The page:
If it is repurposed, the building would still need renovations, but the costs and design do not need to be decided upon yet, Sladek said. The estimated cost to renovate it to an office building is $12.8 million, according to a cost breakdown presented at the working session.
Stakes are high
The referendum’s stakes are high, because if it is not passed, the police department would continue working in the current undersized building.
With the new building would also come a more efficient emergency operations center (EOC), Coleman said. Additionally, leadership has considered the effects on employees working in an outdated building.
“Morale would be better,” Sladek said. “It’s up to the people to decide whether morale is a sufficiently important factor to build a bigger police station.”
The financial repercussions of the referendum are something voters will need to take into account at the polls.
“I think citizens need to determine how they feel about funding a new police station,” Oviedo Finance Director Jerry Boop said. “Voters are going to vote whether or not they want to tax themselves for the building of that building.”
Officials know that asking taxpayers to pay such a high price tag is a big task. Boop said that based on current estimates, the cost for person who owns property with a $200,000 taxable value (not what the property would sell for) would be $156.23 annually and for a person who owns property with a $300,000 taxable value, the cost would equal $234.35 annually. The assessment would continue for the life of the bond, which is 30 years but Boop cautioned that the rate will decrease with rising property values and future refinancing.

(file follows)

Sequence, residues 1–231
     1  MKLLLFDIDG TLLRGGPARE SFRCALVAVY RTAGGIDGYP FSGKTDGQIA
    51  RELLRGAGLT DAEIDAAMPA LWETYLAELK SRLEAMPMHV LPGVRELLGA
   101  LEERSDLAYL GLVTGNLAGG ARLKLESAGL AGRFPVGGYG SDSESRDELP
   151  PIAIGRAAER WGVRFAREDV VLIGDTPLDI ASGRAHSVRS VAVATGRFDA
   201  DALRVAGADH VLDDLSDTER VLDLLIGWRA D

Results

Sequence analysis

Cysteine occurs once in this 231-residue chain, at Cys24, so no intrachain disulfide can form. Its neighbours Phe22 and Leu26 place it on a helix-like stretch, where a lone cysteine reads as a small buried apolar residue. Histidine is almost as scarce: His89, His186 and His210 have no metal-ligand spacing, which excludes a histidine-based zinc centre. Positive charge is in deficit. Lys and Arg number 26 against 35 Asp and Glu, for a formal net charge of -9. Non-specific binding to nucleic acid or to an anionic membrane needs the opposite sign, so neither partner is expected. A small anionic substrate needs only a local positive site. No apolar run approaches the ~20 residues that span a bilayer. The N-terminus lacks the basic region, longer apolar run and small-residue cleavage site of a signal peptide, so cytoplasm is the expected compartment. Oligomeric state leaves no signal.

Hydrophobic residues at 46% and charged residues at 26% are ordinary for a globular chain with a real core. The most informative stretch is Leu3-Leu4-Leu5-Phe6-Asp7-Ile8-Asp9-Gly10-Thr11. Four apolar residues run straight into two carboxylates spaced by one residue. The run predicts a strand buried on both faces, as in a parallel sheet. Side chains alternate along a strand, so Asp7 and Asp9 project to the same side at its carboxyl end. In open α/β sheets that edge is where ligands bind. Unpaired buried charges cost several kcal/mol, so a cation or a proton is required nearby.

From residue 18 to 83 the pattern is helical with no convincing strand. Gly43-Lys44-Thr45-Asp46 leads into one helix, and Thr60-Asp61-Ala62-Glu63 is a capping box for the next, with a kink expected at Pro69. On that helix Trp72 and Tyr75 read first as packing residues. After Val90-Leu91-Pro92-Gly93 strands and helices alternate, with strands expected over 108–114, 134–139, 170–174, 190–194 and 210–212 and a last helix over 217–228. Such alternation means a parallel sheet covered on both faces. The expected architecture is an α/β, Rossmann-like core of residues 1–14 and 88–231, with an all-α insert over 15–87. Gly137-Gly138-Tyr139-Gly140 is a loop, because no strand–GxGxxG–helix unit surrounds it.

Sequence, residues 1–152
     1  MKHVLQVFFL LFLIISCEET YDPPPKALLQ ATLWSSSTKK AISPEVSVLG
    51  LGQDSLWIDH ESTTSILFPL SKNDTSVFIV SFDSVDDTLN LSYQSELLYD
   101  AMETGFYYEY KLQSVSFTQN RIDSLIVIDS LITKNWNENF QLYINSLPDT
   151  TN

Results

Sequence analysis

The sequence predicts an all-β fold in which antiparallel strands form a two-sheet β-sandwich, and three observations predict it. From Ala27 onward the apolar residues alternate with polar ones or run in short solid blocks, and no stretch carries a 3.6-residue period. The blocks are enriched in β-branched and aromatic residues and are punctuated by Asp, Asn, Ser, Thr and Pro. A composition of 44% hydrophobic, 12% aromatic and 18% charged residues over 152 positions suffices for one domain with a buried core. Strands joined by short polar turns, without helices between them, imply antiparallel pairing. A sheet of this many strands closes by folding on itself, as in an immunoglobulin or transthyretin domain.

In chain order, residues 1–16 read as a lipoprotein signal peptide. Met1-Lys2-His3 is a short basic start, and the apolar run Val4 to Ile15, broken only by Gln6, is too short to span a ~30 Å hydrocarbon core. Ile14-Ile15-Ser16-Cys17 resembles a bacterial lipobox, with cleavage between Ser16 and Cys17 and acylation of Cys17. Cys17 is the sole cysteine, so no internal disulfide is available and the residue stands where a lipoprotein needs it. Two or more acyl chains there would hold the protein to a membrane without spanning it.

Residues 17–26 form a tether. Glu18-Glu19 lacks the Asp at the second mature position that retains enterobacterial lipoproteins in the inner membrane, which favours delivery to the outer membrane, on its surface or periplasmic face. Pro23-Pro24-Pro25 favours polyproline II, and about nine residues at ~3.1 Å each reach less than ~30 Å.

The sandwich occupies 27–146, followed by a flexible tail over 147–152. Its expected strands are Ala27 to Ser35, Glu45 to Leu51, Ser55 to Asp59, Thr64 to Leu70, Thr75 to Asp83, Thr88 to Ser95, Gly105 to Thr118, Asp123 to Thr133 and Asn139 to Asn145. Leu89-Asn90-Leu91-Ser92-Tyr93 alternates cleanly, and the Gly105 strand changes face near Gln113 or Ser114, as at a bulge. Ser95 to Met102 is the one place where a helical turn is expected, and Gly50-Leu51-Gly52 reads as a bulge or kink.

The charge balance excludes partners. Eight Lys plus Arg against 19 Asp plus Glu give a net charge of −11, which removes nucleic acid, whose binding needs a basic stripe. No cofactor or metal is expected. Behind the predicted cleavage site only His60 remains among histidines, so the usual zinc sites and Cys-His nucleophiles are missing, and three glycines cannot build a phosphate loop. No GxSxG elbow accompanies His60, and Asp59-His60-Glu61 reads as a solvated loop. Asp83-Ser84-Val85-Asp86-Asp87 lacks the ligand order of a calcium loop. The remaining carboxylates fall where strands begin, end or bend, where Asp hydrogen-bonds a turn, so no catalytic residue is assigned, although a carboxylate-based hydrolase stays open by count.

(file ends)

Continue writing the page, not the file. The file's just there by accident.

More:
“There’s a time in the season for everything, and I believe that this is the time, and I’m hoping the citizens of Oviedo support it,” Coleman said. “I think they’ll be getting their bang for the buck if they do, they’ll get their return.
“On the other hand, I know it’s asking a lot for them,” he said. “This is their police department, we just occupy the space. But the citizens are the ones that have the voting power, and their mandate is what they want.”
And what happens if the referendum does not pass?
“We regroup and figure out what we can do,” Coleman said. “I’m not a give-up kind of person. If that’s not the direction the citizens want us to go, then we’ll figure out a different direction to go that is acceptable.
“But I’m hoping the message gets across why it’s so important,” he said.
A public hearing about the police station ordinance is scheduled for July 17.
Other ballot items to expect
Due to Florida Senate Bill 90, which was passed in 2021, all vote-by-mail requests expired Dec. 31, 2022. Prior to the expiration, Seminole County had about 100,000 requests. To date, about 6,000 have re-registered.
Oviedo’s financial news
In the June 28 working session, Boop revealed that the city’s budget saw an unexpected increase of projected revenues of more than $2.2 million.
“It’s really been a blessing to us,” Boop said. “We saw the [interest rate] freight train coming, we reacted to it and now we’re just riding on the crest of the wave, so to speak.”